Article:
I made no mod­i­fi­ca­tions to my model. I flew it ex­actly as it came, and I was very happy with it. One thing that I did make sure of was that the pushrods were con­nected to the far­thest hole on the servo arm for max­i­mum throw. This made tum­bles, spins, and 3D ma­neu­vers fun to per­form.

I did have one is­sue with the pre­in­stalled speed con­trol. In trou­bleshoot­ing the is­sue (a bul­let con­nec­tor had be­come un­plugged), I got to check out how FMS as­sem­bled the front

of the cowl. The for­ward part of the cowl is held on with two mag­nets, which makes ac­cess­ing the mo­tor and speed con­trol a breeze and will be help­ful if you ever need to make some re­pairs or swap out your elec­tron­ics.


The Votec can be flown from any RC model field. The in­cluded wheels are a good size and should per­form well off man­i­cured grass as well. Ground han­dling was solid, and the plane taxis with ease. The tail­wheel is ef­fec­tive and gives you al­most tri­cy­cle gear–like con­trol.

For take­offs, I aimed the Votec into the wind and slowly brought up the throt­tle. The plane was air­borne and climb­ing within about 30 feet, and it took min­i­mal trim to fly straight and true. Land­ing was also a non­event. The plane slowed down nicely and didn’t have any no­tice­able ten­dency to bounce on touch­down.


Sta­bil­ity: The sta­bil­ity of the Votec 322 was im­pres­sive. Most small foam mod­els have a heavy wing load­ing and don’t fly well slowly, but the Votec was solid at slow speeds; even in high-al­pha ma­neu­ver­ing, it was con­trol­lable with no bad habits. Track­ing: The Votec is a short-cou­pled air­craft. This, plus the fact that mine seems a lit­tle tail-heavy, made for a model that was “hunt­ing” for a straight line. To re­solve this is­sue, I plan to try some flights with larger bat­ter­ies to add more nose weight. The plane was just a bit pitch sen­si­tive, and I found my­self work­ing to keep it on a straight and level path. Aerobatics: The full-size Votec is an aer­o­batic air­plane, and this model shares that char­ac­ter­is­tic. Knife-edge flight was great, and with the large sur­faces set up for a lot of throw, any­thing is pos­si­ble. I can’t wait to spend some time fig­ur­ing out this model to see what it can re­ally do. Highal­pha ma­neu­vers were con­trol­lable, and I was im­pressed with the 3D ca­pa­bil­i­ties of this model. Flat spins were some­thing that re­ally stood out for me; it was so flat that the plane al­most looked like it wasn’t com­ing down. Glide and stall per­for­mance: The Votec car­ries its en­ergy well when glid­ing, and the stall is gen­tle. In the event of lost power, you should be able to eas­ily get it back to the field.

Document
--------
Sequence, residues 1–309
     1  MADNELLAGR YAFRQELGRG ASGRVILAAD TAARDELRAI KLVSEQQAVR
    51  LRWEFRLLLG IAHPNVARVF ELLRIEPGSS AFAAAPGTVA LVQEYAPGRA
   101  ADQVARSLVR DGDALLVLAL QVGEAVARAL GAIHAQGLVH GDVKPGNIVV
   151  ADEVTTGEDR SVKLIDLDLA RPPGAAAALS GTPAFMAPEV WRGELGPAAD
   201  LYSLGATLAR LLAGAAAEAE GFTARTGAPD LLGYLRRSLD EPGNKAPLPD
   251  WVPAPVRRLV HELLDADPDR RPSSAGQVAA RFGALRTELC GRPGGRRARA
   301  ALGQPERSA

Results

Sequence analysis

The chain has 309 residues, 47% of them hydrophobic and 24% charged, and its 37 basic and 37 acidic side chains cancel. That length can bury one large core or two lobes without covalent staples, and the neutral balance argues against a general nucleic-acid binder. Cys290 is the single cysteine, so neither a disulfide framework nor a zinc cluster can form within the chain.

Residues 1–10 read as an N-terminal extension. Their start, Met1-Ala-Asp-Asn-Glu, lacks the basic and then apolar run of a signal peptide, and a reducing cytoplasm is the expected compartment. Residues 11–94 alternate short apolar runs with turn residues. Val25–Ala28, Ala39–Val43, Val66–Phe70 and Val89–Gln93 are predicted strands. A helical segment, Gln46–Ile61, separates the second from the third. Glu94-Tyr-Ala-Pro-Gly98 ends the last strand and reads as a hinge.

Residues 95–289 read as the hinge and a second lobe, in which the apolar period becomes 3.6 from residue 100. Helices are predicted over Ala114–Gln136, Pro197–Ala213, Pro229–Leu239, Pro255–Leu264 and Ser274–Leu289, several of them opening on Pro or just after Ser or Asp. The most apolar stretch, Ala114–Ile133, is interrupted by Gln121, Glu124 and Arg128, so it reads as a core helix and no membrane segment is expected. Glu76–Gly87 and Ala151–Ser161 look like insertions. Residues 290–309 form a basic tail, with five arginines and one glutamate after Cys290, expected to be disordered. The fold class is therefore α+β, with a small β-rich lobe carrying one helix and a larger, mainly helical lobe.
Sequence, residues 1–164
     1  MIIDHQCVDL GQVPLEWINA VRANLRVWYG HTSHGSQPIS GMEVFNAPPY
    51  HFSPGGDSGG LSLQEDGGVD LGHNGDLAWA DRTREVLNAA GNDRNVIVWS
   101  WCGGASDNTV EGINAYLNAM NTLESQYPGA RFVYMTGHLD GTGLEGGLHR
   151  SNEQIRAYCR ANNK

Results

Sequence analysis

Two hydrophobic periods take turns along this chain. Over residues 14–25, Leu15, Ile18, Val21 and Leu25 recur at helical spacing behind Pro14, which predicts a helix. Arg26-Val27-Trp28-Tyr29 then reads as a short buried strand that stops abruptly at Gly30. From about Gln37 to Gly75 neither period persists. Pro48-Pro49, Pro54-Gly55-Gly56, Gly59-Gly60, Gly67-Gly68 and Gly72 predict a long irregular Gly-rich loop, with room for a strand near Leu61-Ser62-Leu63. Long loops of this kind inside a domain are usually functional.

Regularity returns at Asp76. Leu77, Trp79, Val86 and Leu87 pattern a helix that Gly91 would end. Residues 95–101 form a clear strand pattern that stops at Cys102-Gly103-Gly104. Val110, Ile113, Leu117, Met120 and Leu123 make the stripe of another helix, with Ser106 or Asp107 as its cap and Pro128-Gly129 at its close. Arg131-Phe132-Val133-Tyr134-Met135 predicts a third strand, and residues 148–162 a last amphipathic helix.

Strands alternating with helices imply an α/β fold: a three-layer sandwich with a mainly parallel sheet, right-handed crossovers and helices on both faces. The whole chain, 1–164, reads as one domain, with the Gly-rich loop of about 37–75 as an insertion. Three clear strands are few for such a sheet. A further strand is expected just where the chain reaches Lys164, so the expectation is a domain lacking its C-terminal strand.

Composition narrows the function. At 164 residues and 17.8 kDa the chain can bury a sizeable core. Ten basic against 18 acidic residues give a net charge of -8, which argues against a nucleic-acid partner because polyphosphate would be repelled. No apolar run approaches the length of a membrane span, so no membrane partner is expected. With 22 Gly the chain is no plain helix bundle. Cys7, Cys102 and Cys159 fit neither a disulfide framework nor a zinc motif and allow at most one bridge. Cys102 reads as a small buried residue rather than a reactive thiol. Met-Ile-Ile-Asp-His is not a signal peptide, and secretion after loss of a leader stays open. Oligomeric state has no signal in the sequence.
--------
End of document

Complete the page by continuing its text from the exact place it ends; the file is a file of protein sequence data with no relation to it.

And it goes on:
Aerobatics is what this plane is all about. If you are look­ing for a good, in­ex­pen­sive plane with which to hone your 3D skills, the Votec is a great choice.

The in­stalled metal-gear ser­vos have long con­trol arms for plenty of throw for 3D aerobatics.

The rud­der at­tach­ment method is ro­bust and well thought out.

Left: The preap­plied graph­ics are a nice touch. Right: The hatch area has plenty of room for your re­ceiver and flight bat­tery.